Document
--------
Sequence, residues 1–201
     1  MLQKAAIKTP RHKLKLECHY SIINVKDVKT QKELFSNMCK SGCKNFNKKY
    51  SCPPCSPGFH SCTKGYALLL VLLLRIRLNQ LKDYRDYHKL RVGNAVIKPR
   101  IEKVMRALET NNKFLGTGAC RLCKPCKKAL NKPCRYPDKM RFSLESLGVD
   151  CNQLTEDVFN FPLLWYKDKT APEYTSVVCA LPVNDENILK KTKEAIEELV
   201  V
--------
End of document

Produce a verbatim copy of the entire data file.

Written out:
Sequence, residues 1–201
     1  MLQKAAIKTP RHKLKLECHY SIINVKDVKT QKELFSNMCK SGCKNFNKKY
    51  SCPPCSPGFH SCTKGYALLL VLLLRIRLNQ LKDYRDYHKL RVGNAVIKPR
   101  IEKVMRALET NNKFLGTGAC RLCKPCKKAL NKPCRYPDKM RFSLESLGVD
   151  CNQLTEDVFN FPLLWYKDKT APEYTSVVCA LPVNDENILK KTKEAIEELV
   201  V